Date of Award


Degree Type


Degree Name

Doctor of Philosophy



Major Professor

Donald J. Bruce

Committee Members

William F. Fox, Henry W. Herzog, Jr., Matthew N. Murray, Daniel P. Murphy


I use a twelve-year panel of tax return data to assess whether or not taxes affect entrepreneurship. Beyond assessing possible distortions in entrepreneurial activities created by the tax system, this research provides information to policymakers on the effectiveness of tax policy in influencing entrepreneurial activity. The extent of entrepreneurial activity in the economy is a vital policy concern as entrepreneurs are thought to contribute to economic growth by creating jobs and producing innovations.

Past theoretical and empirical studies examining the effects of taxes on entrepreneurship produced ambiguous results creating the need for further study. Toward this end, I investigate the effects of tax rates on entrepreneurial entry and survival as well as the effects of health insurance deductibility on exits from an entrepreneurial activity. My contributions to the current literature include developing a model combining the two past theoretical approaches, using a panel of tax return data, and examining an aspect of the tax system (health insurance deductibility) beyond the tax rates typically studied.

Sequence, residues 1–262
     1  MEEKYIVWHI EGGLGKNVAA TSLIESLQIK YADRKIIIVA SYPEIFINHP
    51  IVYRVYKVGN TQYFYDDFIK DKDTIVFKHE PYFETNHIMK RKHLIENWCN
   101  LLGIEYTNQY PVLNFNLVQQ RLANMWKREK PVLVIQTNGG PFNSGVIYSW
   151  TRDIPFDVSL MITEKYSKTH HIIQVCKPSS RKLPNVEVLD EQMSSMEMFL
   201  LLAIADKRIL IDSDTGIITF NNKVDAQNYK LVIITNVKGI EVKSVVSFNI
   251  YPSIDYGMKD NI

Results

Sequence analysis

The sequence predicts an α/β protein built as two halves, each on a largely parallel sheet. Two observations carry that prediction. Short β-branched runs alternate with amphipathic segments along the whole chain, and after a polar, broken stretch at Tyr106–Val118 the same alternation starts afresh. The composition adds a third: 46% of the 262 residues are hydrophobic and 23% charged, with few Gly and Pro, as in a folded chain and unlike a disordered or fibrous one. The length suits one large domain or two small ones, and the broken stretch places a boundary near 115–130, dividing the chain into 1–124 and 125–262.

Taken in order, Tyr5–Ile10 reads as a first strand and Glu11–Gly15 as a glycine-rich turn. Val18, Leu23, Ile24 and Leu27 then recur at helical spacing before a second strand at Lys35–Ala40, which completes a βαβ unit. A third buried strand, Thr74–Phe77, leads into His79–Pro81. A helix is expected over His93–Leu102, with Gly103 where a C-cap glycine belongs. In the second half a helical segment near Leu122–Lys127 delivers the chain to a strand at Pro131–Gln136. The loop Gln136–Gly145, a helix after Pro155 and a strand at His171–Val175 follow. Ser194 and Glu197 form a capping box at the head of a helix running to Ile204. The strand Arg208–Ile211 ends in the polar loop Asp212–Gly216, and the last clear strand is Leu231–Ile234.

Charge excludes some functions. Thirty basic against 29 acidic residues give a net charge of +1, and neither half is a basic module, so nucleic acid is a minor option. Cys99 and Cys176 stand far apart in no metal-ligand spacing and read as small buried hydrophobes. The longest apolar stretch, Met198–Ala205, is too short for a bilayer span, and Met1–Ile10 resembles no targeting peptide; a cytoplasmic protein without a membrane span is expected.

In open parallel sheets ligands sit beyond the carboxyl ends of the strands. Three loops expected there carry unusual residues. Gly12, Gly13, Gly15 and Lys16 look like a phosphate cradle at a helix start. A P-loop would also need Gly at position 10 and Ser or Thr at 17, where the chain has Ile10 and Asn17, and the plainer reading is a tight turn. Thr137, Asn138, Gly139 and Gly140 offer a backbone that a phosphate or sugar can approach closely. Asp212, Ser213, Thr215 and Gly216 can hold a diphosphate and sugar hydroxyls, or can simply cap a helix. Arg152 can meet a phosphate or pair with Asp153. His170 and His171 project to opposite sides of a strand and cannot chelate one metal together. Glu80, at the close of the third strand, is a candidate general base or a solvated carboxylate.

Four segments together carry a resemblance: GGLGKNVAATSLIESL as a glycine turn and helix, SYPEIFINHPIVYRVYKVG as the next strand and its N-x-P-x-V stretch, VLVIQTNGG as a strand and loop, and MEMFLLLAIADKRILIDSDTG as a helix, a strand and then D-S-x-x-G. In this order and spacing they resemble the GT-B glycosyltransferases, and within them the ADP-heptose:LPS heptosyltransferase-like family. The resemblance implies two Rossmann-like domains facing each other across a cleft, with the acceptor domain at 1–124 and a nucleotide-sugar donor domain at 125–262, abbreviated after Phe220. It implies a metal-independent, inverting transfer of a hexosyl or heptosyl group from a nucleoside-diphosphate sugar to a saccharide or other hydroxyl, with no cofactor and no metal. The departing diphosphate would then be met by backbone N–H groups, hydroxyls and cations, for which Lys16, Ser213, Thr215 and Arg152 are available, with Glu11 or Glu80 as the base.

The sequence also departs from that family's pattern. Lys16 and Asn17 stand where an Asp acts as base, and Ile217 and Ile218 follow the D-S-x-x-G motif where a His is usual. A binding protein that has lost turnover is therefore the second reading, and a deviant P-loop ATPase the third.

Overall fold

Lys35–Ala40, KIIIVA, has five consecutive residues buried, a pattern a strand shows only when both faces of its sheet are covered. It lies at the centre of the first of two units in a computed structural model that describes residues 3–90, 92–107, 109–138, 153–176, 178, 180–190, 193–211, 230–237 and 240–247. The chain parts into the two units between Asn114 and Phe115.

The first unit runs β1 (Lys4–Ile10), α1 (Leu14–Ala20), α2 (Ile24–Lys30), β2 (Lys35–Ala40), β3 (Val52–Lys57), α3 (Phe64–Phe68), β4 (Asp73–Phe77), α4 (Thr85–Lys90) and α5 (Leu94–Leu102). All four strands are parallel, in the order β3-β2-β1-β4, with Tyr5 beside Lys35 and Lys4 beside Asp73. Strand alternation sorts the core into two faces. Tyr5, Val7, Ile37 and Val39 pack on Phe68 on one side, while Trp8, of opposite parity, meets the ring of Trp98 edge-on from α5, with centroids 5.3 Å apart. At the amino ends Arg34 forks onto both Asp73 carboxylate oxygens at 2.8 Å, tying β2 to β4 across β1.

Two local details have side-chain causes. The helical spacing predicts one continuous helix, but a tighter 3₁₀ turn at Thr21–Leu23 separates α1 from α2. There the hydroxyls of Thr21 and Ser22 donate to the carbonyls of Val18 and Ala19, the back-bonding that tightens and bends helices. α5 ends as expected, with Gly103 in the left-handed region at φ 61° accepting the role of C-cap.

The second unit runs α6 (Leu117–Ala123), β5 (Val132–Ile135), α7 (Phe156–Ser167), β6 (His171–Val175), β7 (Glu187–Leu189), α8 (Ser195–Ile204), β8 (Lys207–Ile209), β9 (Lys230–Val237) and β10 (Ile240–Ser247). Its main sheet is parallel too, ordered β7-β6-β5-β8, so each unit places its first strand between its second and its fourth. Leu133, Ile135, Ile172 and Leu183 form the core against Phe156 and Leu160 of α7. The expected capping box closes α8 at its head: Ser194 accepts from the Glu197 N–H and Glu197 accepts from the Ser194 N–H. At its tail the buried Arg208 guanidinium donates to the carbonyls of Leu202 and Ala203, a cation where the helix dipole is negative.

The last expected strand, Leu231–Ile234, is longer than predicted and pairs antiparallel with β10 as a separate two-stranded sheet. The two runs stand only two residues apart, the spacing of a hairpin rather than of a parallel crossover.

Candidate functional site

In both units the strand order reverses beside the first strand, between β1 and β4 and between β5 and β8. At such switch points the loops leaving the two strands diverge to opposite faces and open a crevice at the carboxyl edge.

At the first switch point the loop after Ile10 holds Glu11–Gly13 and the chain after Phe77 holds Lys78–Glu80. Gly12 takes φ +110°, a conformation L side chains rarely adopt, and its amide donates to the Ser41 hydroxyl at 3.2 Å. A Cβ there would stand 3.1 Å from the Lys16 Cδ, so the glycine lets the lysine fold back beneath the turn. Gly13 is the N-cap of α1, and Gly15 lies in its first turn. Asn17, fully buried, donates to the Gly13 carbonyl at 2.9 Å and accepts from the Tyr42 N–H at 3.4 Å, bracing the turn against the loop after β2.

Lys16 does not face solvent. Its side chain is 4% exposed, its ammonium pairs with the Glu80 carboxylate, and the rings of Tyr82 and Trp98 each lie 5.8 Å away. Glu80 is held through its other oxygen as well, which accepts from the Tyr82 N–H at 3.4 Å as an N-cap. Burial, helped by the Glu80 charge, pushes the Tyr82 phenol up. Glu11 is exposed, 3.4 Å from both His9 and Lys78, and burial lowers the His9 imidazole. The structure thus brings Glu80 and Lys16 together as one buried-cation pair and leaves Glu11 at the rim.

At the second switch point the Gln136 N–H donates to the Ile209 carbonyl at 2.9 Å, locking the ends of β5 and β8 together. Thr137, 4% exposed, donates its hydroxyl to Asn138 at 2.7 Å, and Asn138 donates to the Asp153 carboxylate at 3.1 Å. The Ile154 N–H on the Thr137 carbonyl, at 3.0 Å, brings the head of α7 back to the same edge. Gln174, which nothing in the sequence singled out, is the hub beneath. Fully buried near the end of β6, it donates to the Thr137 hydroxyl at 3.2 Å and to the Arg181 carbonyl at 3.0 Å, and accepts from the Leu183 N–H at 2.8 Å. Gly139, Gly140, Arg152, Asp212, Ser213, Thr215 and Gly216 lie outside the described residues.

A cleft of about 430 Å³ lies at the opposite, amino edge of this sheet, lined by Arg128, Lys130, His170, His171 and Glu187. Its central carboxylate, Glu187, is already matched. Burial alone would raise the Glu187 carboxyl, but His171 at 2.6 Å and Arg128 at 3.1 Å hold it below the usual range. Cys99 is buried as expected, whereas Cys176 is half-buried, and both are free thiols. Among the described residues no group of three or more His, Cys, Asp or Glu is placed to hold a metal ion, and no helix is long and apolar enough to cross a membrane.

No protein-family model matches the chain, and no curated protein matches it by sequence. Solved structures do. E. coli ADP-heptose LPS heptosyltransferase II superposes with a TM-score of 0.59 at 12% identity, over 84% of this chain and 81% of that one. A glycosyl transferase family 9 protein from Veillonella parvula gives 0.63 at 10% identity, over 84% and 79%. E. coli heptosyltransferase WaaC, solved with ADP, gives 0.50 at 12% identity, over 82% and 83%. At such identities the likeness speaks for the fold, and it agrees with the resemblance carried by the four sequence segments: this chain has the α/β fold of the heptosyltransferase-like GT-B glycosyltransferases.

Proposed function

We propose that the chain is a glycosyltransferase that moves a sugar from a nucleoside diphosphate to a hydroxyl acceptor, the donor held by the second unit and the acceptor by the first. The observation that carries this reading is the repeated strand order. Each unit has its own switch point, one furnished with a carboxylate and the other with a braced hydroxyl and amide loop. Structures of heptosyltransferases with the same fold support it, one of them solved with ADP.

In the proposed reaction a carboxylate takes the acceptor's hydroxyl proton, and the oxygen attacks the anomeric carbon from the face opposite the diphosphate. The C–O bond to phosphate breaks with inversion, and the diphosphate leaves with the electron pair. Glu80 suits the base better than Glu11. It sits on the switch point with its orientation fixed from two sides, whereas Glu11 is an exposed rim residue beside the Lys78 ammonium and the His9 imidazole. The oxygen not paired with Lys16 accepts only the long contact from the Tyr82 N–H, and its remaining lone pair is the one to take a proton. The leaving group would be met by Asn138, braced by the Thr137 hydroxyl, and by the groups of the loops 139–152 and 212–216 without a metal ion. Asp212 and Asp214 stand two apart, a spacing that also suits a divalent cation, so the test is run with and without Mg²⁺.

I find convincing evidence that marginal tax rates and health insurance deductibility have important effects on entrepreneurial decisions. Results show that increases in marginal tax rates on wage income increase the probability of entry, increase the duration of entrepreneurial activities, and decrease the probability of exit. Increases in marginal tax rates on entrepreneurship income decrease the probability of entry, shorten entrepreneurial spells, and increase the probability of exit. The effects from changes in the entrepreneurial marginal tax rate are larger than those from the marginal tax rate on wages suggesting that an across the board tax cut would increase entrepreneurship by increasing entry, decreasing exit, and enhancing survival. Additionally, the availability of a health insurance deduction from income tax calculations enhances entrepreneurial survival.

Taken together, the results indicate that tax policy is a potentially effective tool for influencing levels of entrepreneurship in the economy. More broadly, these results provide evidence that multiple aspects of the tax code, including but not limited to tax rates, are relevant for assessing behavioral responses.

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